Posted by Larry Gleeson
By Justine Harrison
Ten years ago, MANCHESTER BY THE SEA would have been a Miramax or Paramount Vintage picture. Now? It’s being distributed by a company that began as an online bookseller.
The history of Hollywood is a long and winding one. Over the course of its existence, it has been everything from a series of content factories to an accessory for giant multinational hybrid companies. It has been through numerous cycles of boom and bust. It has given us both The Terminator and Terminator: Genisys (or as I prefer to call it, Terminator: Spylling Arror). And, as with any institution that exists for an extensive period of time, Hollywood’s methodologies have grown and changed. Low budget genre pictures are no longer made by the dozens on a production assembly line. Directors and actors work job to job, rather than on contracts built around a set number of films. The general structure and tone of blockbusters has changed time and again. And, just as the methods of producing films and the type of films that get made have changed, so too have the methods of getting them out into the world.
When Kenneth Lonergan’s Manchester by the Sea opens in theaters this week, it will be the latest offering from Amazon Films, the film distribution branch of the online bookseller turned general internet juggernaut. It will receive both a theatrical and a home media release, but ultimately those are loss leaders for its eventual premiere on Amazon Prime’s streaming service. It will join Chi-Raq, Wiener Dog, The Neon Demon, The Handmaiden and others as part of a sales pitch to its potential audience. That pitch goes something like this – “We have distinctive films by distinctive filmmakers, and if you subscribe to our service, you will have access to them through what is currently being sold as the most accessible way to watch movies and television.” Netflix does something similar with its own original content, although they generally give more promotional focus to their serialized content as opposed to their standalone films. Streaming is still a relatively recent factor in the state of non-blockbuster film distribution, and it has major implications for film as a whole that are still being worked out. But on a purely business level, it is easy to understand why distribution for smaller films has turned so sharply towards streaming in the past few years. Through streaming, Netflix, Amazon and their peers in distribution are making a move that their predecessors could not.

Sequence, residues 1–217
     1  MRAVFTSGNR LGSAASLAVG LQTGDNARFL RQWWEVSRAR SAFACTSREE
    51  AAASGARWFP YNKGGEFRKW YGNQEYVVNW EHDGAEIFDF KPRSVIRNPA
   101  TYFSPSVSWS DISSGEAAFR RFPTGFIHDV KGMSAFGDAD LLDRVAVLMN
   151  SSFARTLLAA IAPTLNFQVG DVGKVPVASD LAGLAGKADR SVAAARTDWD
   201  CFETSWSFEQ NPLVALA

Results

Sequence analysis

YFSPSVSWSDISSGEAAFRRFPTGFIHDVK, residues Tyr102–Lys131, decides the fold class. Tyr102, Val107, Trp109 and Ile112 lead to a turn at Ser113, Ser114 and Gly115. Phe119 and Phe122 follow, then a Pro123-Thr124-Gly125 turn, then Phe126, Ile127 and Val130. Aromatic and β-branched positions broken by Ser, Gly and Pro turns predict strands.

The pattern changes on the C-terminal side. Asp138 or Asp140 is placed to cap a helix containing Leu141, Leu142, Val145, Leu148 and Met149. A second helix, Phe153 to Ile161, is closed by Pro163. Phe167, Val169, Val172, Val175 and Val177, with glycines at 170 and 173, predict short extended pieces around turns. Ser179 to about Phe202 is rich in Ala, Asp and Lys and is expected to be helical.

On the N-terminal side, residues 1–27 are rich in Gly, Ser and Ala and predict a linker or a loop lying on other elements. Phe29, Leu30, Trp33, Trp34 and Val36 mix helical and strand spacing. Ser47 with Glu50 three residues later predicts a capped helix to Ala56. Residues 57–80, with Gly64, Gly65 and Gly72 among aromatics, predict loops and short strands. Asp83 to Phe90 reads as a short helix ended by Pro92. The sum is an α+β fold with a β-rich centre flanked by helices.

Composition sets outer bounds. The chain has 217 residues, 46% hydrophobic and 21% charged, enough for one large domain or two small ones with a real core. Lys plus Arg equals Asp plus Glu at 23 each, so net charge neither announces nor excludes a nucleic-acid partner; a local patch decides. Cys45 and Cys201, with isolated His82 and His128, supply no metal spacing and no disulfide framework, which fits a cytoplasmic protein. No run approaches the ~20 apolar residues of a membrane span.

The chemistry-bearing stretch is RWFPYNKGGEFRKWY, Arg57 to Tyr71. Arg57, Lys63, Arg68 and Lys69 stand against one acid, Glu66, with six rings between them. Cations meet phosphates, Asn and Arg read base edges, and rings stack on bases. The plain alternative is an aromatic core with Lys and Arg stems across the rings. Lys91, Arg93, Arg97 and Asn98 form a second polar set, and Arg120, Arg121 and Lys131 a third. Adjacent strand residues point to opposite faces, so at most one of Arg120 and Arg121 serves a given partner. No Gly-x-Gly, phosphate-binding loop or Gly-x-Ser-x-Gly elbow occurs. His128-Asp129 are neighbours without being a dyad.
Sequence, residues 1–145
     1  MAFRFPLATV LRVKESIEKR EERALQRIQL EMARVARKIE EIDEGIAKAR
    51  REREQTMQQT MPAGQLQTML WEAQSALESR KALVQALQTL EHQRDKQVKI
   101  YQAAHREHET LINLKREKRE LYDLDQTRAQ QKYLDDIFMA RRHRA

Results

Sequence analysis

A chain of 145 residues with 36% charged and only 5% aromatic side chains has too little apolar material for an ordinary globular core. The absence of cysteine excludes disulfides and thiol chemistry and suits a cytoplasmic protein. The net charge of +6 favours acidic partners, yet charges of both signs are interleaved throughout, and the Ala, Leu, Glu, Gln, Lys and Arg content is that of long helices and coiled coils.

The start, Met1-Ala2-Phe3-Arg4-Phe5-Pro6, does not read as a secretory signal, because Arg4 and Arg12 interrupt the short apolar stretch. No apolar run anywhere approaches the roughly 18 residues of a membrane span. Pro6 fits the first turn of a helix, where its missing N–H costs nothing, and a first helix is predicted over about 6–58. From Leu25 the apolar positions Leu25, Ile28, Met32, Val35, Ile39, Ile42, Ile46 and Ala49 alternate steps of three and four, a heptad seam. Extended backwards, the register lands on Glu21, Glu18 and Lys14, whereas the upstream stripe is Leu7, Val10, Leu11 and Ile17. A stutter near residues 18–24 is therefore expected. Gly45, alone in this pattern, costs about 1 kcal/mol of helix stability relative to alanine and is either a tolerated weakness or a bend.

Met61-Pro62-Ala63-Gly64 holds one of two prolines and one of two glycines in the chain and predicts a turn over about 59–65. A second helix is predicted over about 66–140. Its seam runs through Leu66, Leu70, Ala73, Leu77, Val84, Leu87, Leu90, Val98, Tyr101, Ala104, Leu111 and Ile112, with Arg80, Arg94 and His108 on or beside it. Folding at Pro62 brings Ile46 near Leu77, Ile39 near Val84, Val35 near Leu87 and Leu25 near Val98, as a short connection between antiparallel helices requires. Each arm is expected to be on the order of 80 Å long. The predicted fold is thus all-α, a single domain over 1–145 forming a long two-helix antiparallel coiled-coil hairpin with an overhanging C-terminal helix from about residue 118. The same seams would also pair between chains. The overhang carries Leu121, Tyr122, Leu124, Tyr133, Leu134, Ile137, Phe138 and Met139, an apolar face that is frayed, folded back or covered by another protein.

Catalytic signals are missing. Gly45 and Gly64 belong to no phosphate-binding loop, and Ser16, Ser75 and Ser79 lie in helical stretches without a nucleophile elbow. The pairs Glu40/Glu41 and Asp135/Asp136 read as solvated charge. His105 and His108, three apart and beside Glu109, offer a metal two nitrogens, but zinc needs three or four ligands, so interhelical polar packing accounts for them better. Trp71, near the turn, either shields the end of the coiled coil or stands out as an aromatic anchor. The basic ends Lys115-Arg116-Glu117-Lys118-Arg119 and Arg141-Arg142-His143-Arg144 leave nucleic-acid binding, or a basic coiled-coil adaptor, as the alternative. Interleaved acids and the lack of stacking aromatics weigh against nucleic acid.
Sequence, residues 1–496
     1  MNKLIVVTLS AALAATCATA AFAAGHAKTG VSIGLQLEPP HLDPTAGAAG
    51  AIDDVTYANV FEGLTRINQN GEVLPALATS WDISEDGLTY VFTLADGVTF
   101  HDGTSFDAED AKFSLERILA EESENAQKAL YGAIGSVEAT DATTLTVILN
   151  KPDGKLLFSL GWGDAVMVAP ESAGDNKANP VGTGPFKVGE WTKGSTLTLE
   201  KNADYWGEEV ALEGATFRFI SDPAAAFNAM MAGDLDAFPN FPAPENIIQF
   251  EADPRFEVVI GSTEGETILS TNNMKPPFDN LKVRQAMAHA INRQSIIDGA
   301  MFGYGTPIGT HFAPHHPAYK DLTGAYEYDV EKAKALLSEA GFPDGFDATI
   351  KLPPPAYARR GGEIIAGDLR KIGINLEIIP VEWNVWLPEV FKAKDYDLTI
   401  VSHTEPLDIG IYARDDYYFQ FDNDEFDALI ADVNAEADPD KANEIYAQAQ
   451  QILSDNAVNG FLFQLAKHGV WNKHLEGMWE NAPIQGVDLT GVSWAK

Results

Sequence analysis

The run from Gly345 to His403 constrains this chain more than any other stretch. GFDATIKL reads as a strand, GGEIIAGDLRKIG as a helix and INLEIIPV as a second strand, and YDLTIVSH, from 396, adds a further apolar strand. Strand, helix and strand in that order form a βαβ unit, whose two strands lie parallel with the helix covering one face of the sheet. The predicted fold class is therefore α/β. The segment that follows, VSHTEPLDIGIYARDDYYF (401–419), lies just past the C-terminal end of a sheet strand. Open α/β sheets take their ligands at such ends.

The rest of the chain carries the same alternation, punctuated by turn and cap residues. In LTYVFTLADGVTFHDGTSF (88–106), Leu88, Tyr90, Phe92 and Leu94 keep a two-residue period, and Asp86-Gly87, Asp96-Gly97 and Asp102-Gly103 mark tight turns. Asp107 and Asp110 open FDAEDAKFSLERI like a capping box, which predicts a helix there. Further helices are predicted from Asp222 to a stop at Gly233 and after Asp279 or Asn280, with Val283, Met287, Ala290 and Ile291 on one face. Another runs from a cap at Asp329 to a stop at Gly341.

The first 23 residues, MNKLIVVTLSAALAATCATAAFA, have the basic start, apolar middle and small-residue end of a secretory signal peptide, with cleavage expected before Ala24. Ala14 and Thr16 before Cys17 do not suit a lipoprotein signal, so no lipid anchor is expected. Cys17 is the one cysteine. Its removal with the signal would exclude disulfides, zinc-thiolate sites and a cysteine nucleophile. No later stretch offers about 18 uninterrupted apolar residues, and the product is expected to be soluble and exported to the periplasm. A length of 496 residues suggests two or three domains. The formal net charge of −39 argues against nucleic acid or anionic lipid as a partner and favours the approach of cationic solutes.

Many of the biggest independent and semi-independent film distributors from the last century have either folded or been dramatically transformed. Miramax and New Line, arguably the biggest and most powerful of these mini-major studios, are now much smaller companies. The Weinstein brothers left Miramax in the 2000s to form The Weinstein Company, and Disney ultimately chose to sell the company off. Its film library, which includes every one of Quentin Tarantino’s pictures up to Kill Bill, is now distributed by former rival Lionsgate. New Line has similarly lost much of the influence it once had, and it now exists as a subsidiary of Warner Brothers. Warner Independent Pictures (Before Sunset, A Scanner Darkly)and Paramount Vantage (No Country for Old Men, Nebraska) have been completely shut down. These companies and subdivisions lived and died on their ability to sell and spread comparatively small, specific movies as comparatively small, specific movies. New Line made its name with A Nightmare on Elm Street and the Teenage Mutant Ninja Turtles franchises, both of which were huge hits in comparison to their budgets. Miramax sold itself as a haven for filmmakers championed as auteurs – Tarantino, Kevin Smith and their peers. Paramount Vantage distributed the Coens after a string of unsuccessful movies, and Warner Independent Pictures backed Richard Linklater on two of his more ambitious projects (his first return to Jesse and Céline, ten years after Before Sunrise and a cell-shaded adaptation of Phillip K. Dick’s quietly dystopian drug war story, featuring a post-rehab pre-Iron Man Robert Downey, Jr.). While some of these movies have become blockbusters, none of them (Teenage Mutant Ninja Turtles aside, and even with the success of the cartoon, New Line could not put Disney money behind their adaptation) could initially have been sold as such. So they narrowed their focus, and tailored their products to a specific audience that they could reach. When they overplayed their hand, or the audience moved on, they failed.
Streaming enables the targeting of a more specific audience than ever before, for both good and ill. Amazon can play specifically to folks who want to see Manchester by the Sea or The Neon Demon and guarantee that they will have an audience, but it will be just as easy for a movie to get lost in the endless backrows, particularly if it is only pointed out to a specific audience. It’s why I’m glad Amazon has been making a push to get their movies into theaters, and why simultaneously I want them to push harder. They’ve distributed some really amazing movies, and I want those movies to have a life beyond an ad saying that they are now streaming on Amazon Prime.